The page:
Mara is the guy who sold Pete Rozelle's pool-the-revenue plan to the rest of the owners. Without Mara, the game might not have succeeded as it has. He is worthy of the fourth head. In my opinion, Davis is not. Lamar Hunt blows away Davis, who spent much of his time in the game trying to bring down the league.
Matt from Vero Beach, FL
Fourth head? Whoever you most credit for the 1978 rules changes, or Mel Kiper; his hair would be great and he gave us year-round NFL on TV.
I give the rules-changes credit to Pete Rozelle. He had the vision to see what an explosion of offense would do for the game. You can't put a draft analyst on Mt. Rushmore, but the thought of Mel's head and hair carved in stone and sitting next to Unitas, Lombardi and Rozelle is priceless. It would be like the "Final Thoughts" intro winning the Academy Award.
John from Hales Corners, WI
Vic, what do you mean when you say Teddy Roosevelt saved football from extinction?
Between 1900 and 1905, 45 men died playing football. Eighteen died in '05, and that's when Roosevelt took action to save a game that had become too violent. Football was in danger of being abolished. In most cases, the cause of death was head trauma. Colleges began to drop football. Remember, football was the college game back then. There was public outcry to ban the game. Roosevelt spearheaded a safety movement, and the association he created would later become the NCAA.
Christian from Milwaukee, WI
Vic, would you write about what you see as the greatest threat the game has faced since Teddy Roosevelt saved it? How is the facemask at the root of that threat?
It turned the helmet into a weapon. Now, the facemask is an even greater threat, because the game wouldn't remain as popular as it is without it. You can't live with it, but you can't live without it. The NFL is doing a very good job of changing the culture. It's the only lasting solution to this problem.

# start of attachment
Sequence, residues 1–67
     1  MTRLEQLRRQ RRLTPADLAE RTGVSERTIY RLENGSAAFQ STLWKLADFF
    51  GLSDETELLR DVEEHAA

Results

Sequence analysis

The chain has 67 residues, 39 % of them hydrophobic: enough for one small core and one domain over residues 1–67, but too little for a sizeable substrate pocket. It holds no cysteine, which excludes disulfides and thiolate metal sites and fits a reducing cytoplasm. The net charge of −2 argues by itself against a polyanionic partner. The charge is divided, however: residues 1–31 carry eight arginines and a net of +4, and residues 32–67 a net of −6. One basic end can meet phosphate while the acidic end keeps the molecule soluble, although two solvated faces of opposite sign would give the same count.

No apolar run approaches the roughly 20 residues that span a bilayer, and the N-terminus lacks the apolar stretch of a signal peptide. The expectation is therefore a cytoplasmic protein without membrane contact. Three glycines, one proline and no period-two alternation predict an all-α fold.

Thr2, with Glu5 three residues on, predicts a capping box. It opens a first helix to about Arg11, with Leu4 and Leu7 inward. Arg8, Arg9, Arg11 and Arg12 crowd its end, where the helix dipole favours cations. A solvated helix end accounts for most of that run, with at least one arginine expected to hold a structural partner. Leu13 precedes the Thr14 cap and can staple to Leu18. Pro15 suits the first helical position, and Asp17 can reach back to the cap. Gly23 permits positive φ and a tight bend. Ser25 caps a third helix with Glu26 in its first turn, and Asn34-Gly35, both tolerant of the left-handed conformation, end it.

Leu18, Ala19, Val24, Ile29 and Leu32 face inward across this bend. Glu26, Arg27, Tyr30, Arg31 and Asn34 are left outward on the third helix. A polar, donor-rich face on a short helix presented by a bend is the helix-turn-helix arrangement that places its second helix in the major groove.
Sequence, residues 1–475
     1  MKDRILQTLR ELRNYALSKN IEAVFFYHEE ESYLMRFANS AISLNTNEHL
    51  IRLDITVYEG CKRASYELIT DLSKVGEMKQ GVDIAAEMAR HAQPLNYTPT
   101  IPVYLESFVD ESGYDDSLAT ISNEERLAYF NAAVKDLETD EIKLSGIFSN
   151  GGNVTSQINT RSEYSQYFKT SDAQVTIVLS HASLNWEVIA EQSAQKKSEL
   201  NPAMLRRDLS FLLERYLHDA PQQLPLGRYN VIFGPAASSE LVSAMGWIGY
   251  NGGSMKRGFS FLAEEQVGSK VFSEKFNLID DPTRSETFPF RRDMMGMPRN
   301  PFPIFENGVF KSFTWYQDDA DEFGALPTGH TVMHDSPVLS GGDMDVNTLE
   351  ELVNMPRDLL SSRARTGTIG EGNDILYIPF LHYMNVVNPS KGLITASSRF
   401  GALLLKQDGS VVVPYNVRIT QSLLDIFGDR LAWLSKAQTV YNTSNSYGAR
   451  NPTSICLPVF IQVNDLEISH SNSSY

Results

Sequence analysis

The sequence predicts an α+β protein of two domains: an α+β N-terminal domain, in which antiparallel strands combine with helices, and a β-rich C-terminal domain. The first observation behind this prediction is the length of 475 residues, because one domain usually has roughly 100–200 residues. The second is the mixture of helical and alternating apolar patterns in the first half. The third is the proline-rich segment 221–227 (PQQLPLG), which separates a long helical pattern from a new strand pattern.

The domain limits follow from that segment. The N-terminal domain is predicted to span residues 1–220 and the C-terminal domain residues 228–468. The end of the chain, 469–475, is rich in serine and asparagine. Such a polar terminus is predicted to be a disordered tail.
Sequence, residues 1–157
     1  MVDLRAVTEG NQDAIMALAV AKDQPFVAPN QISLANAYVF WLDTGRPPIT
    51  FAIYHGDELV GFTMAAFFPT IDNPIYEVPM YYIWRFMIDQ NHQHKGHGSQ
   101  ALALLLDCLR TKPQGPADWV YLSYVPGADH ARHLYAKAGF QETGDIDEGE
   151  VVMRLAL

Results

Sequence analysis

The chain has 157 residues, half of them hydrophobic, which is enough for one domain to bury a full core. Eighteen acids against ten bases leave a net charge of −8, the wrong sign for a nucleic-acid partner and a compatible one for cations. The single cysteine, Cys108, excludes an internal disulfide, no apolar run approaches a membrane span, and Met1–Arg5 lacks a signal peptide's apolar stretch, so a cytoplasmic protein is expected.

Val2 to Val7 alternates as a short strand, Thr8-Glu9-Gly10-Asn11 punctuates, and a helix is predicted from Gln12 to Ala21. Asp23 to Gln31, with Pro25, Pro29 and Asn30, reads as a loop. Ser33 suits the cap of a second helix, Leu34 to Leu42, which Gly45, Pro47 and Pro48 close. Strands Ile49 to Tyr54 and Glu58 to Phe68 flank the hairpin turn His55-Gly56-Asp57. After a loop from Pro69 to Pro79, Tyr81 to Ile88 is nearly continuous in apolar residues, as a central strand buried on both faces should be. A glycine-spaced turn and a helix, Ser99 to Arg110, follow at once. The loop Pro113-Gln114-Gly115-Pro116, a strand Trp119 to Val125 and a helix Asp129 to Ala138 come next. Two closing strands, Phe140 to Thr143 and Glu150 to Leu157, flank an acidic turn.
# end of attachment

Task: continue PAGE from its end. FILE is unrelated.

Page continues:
Kyle from Virginia Beach, VA
What tiny things could Aaron Rodgers do to further improve his already elite game?
He doesn't need to do tiny things. He needs to do the really big thing: Win the Super Bowl. It's what all great quarterbacks aspire to do. The more you win, the greater you are.
Tim from Apple Valley, MN
This past weekend, we had the opportunity to take our daughter to the Junior Power Pack Clinic at Lambeau Field and the Don Hutson Center. I couldn't help but get a few chills when in the practice center thinking about all of the great players that had their careers formed on that practice field. Are there any stadiums or venues that give you the same feeling?
Yeah, but not for the same reasons. For me, covering football is a purely personal experience. I have emotional ties to stadiums that have defined my career. The one in Jacksonville evokes a lot of memories. I think of all the days I sat in the press box and looked beyond the south end zone to the St. Johns River and the boats out on the water. I think back to my days at Three Rivers Stadium and the sights and sounds of covering big games, games of historical significance. I think of gray November days at old Cleveland Stadium, and the cavernous sound of the fans coming to their feet and cheering as Eric Metcalf turned up field on another punt return for a touchdown in 1993. I think of the sound of those pom-poms as they swished in the stillness of the Astrodome during that brutal Luv Ya Blue game in 1978. I think of "The Autumn Wind" the band played as the Raiders took the field for the 1976 AFC title game in Oakland. I remember when the pipe in the front row of the press box in Riverfront Stadium burst from the cold in 1977, and I'll never forget the first snowflake that fell at Riverfront for that amazing game I covered in 1976. I'm still new in Green Bay, but already I'm accumulating special moments. I think the defining moment is still to come. Those are my chills.